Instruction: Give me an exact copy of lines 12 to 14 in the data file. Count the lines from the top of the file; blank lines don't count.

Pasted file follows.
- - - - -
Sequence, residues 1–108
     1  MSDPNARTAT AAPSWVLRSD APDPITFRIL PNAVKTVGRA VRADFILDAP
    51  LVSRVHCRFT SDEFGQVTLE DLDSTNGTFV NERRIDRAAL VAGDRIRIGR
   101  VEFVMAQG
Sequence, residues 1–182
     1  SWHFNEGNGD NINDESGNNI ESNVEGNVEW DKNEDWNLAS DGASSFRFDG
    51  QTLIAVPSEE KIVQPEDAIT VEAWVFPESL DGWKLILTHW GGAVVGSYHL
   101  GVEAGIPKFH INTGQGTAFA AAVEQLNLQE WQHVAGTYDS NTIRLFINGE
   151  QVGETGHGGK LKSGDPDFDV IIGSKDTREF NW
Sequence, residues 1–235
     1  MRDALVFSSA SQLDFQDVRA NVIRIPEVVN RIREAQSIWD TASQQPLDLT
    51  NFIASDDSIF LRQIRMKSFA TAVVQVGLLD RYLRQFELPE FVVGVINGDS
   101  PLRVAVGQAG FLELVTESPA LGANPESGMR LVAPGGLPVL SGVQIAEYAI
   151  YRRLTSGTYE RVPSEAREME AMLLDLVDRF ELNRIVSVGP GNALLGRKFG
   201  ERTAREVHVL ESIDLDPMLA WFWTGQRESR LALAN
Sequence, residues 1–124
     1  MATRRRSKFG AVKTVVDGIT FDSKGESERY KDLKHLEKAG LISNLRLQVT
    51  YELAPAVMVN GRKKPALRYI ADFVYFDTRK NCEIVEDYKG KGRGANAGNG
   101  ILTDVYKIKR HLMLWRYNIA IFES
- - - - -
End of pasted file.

    51  NFIASDDSIF LRQIRMKSFA TAVVQVGLLD RYLRQFELPE FVVGVINGDS
   101  PLRVAVGQAG FLELVTESPA LGANPESGMR LVAPGGLPVL SGVQIAEYAI
   151  YRRLTSGTYE RVPSEAREME AMLLDLVDRF ELNRIVSVGP GNALLGRKFG